All of us creepy things. Wriggling to get through the glass.
      I opened my mouth to say I was gonna split but as I turned to Anthony, I caught a cloud of white smoke where my words should have been. His mad laugh came after, as he blew another puff in my face. “Could I get a contact, from that?” I quickly drowned the thought out of my head with a shot of cheap bourbon from the flask in my pocket. Much drunker then I was before entering this situation, I began to toy with the idea of trying crack for the first time. Anthony was all smiles at this point .
      The big chief of the pipe, sitting alone on a white mound at Little Big Horn.
      I could surrender. It became a possibility in my mind. I prodded it and poked at the idea like a cat with its claws in a fallen bird. “Hey where are you,” it read about a dozen times as I glanced again at my phone messages. It was then that I took a good long look at the man beside me, now a puddle on the floor, mumbling in a language only he could decipher.
      I left that man to his own device.
      It was then that I began to believe in taking opportunities. Taking risks is the spice of life, the story makers, the character builders, and if you trust yourself to make the right decisions, chances are you will. I had seen that boogyman, that hard, that crank, that mess with your mind, in a pipe to my left and came out alive, un-phased and didn’t surrender. Staring straight down the barrel without flinching is the only time you can realize that you’re no longer afraid of the gun.

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    2. Wow, this is quite an experience to have, Patrick. Glad you came out alright.

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  16. I believe I wouldn't survive alone in the wilderness.

    “That looks DELICIOUS, but I don’t want to try it.” Needless-to-say, my relationship status with food has been set to “it’s complicated” for as far back as I can remember. This is quite odd because I come from a family of adventurous eaters. For instance, a typical family gathering of ours includes contests of who can eat the hottest chili combinations, having grown various types such as ghost peppers (a fine delicacy that is technically illegal to consume in America.)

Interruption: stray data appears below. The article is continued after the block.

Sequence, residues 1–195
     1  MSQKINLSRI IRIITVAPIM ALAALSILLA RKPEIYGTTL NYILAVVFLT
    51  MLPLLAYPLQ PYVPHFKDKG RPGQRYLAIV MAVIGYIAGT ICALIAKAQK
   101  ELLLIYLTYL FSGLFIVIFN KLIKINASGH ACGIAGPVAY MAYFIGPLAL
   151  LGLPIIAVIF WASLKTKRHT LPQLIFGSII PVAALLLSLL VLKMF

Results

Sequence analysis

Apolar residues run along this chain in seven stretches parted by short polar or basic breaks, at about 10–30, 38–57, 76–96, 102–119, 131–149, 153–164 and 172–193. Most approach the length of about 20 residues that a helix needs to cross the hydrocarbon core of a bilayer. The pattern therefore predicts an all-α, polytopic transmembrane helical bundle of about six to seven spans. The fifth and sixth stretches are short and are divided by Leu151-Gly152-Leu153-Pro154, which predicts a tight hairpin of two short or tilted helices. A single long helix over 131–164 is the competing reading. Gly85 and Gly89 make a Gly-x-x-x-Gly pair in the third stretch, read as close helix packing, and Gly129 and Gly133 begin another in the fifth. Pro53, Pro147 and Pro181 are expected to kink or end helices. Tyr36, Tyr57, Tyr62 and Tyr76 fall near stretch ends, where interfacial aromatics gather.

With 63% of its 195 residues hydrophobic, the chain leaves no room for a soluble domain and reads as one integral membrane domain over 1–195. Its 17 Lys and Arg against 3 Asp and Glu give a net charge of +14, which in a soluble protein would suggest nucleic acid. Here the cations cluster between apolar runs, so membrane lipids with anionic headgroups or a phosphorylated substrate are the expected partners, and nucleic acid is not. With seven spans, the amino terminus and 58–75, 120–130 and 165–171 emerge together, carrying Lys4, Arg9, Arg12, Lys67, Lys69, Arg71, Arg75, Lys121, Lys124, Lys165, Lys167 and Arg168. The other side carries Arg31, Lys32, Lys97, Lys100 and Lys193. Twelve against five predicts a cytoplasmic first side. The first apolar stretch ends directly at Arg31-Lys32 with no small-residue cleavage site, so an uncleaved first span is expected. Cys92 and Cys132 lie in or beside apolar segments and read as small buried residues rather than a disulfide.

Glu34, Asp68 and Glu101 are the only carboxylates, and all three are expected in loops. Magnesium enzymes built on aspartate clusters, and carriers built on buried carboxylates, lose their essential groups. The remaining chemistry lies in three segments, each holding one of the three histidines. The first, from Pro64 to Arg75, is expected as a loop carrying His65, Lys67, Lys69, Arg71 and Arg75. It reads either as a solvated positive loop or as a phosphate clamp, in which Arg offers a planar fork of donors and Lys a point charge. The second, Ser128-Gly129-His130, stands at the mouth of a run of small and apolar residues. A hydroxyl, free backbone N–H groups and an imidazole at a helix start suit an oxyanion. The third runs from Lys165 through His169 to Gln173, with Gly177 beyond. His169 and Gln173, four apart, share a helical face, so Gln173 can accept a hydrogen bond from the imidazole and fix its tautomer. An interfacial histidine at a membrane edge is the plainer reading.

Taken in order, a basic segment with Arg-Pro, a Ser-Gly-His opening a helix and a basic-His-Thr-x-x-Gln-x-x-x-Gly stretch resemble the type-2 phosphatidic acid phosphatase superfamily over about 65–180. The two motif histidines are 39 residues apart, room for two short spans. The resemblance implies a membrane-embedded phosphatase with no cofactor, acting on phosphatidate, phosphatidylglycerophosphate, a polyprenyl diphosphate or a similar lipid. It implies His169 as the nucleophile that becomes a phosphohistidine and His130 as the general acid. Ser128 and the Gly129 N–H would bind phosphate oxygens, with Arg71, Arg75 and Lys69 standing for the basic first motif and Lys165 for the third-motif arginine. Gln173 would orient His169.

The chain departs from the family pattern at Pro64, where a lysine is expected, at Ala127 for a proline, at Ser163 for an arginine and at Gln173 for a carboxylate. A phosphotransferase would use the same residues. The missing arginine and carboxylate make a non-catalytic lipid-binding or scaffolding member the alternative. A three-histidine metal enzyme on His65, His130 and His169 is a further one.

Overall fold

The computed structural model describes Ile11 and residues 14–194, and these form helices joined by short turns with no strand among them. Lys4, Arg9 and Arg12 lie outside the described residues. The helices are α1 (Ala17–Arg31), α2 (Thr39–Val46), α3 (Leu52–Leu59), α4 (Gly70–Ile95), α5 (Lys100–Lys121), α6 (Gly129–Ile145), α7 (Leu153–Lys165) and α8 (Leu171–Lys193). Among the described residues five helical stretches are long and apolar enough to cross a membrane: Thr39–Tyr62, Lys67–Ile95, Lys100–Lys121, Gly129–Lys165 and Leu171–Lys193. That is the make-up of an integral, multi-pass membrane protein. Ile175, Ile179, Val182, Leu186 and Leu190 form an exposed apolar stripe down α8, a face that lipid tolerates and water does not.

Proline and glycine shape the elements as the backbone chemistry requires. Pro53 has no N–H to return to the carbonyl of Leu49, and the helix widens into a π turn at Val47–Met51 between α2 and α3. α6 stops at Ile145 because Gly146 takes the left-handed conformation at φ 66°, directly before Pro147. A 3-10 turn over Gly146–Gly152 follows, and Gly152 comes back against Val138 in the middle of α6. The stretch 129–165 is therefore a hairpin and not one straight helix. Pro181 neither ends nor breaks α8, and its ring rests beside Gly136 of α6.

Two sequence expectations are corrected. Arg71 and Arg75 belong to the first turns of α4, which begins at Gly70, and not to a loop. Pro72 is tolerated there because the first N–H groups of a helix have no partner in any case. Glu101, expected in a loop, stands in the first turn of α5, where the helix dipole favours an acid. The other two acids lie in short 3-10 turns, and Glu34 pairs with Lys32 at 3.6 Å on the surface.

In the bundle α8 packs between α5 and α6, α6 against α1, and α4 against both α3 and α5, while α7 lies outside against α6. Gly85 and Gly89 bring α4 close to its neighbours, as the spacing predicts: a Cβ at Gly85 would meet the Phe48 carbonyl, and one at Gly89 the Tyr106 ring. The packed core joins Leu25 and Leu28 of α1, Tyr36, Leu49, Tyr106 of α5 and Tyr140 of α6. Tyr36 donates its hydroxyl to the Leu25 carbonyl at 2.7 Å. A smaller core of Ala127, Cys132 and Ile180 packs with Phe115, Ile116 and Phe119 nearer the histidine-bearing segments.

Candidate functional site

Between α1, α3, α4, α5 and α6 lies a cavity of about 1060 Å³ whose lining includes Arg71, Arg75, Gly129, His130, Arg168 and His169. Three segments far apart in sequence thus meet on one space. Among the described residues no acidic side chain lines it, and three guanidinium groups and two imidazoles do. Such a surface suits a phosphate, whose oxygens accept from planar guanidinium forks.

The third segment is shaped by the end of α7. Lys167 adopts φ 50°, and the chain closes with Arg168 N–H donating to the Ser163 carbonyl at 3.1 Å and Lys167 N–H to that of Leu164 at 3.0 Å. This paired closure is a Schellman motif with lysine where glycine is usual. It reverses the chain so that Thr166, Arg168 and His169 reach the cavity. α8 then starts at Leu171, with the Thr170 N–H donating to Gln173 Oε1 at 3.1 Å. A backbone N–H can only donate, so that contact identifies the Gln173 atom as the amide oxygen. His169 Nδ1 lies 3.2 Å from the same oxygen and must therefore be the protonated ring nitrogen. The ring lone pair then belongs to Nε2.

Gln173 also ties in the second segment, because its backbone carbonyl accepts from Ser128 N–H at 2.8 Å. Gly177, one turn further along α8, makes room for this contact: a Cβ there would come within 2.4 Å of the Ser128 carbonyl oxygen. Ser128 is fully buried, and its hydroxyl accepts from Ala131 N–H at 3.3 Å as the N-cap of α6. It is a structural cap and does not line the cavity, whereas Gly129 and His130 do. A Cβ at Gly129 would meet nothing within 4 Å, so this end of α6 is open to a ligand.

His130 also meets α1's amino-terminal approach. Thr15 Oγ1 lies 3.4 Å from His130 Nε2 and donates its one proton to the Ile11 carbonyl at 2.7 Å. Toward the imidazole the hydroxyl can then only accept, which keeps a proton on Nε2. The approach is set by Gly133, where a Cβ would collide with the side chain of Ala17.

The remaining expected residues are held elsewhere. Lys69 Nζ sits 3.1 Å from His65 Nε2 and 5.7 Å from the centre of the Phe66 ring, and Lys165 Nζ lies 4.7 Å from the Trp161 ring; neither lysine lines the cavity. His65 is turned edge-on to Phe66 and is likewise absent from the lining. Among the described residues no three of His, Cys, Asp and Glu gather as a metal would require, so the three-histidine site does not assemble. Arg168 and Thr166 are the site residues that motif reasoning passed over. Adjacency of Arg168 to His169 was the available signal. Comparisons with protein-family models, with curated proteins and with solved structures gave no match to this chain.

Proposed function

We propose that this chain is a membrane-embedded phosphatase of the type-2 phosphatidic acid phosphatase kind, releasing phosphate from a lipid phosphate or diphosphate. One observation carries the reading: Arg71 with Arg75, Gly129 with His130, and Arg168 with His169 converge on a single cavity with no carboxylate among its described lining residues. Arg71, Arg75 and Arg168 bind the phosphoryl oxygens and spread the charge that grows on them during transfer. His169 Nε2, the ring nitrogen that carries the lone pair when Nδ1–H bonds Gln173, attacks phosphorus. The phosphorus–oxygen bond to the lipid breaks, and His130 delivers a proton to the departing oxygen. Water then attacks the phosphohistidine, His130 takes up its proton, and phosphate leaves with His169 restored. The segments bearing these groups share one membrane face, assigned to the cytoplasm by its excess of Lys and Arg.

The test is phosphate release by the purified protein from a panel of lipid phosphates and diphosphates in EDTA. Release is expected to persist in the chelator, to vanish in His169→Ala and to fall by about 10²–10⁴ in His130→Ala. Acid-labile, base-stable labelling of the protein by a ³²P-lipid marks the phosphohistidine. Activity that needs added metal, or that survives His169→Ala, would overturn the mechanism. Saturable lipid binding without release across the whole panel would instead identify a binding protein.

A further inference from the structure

My eating habits have become so refined that I, with certainty, have eliminated three whole groups of food from my diet – nuts (I don’t enjoy them in any form), berries (though I do enjoy berry flavor, just not the actual berry), seafood (which includes everything that lives in the sea and yes, shrimp is considered a seafood.), and meat that I have to extract from the bone myself (I am reminded that it was an animal and therefore cannot consume it.) I believe we have reached the conclusion that I will not survive long if left in the wilderness alone to fend for my life.

    So, let’s have a go at a scenario. I have long been wanted by the government for something highly illegal and dangerous. I cannot go into detail, for I would also put you at risk. Anyways, since the death penalty would clearly put their members in peril, I have been sentenced to a life of exile on a small remote, but tropical, island. I have debated about the location, and it has to be tropical or else my scenario would not work. Okay, so I’m on the island, and what do I eat? That’s where I’d put my food crisis on hold and avoid the situation by constructing a beautiful fort out of found materials such as large fan leaves, rocks, and branches. I would take care to make sure the location is ideal – the fort would be protected from heavy rain, wind, and predators. Next, I would further procrastinate and look for seashells down at the coast. I imagine I would soon collect an impressive amount and have to construct a display in my fort to showcase my findings. I assume that after all that strenuous activity I would become very parched and would require water to further my projects. Digging back in my brain, I would retrieve my 6th grade Water Purification science project and build it. Of course it would also situate in my fort in an aesthetic spot.

    And that’s where I will end the scenario to save you from all the boring details on how I would continue on to search out the best flavor bark and leaves while being pursued by one hungry grizzly bear (who also happened to be exiled to that same island) … and I’m sure you don’t want to hear about that.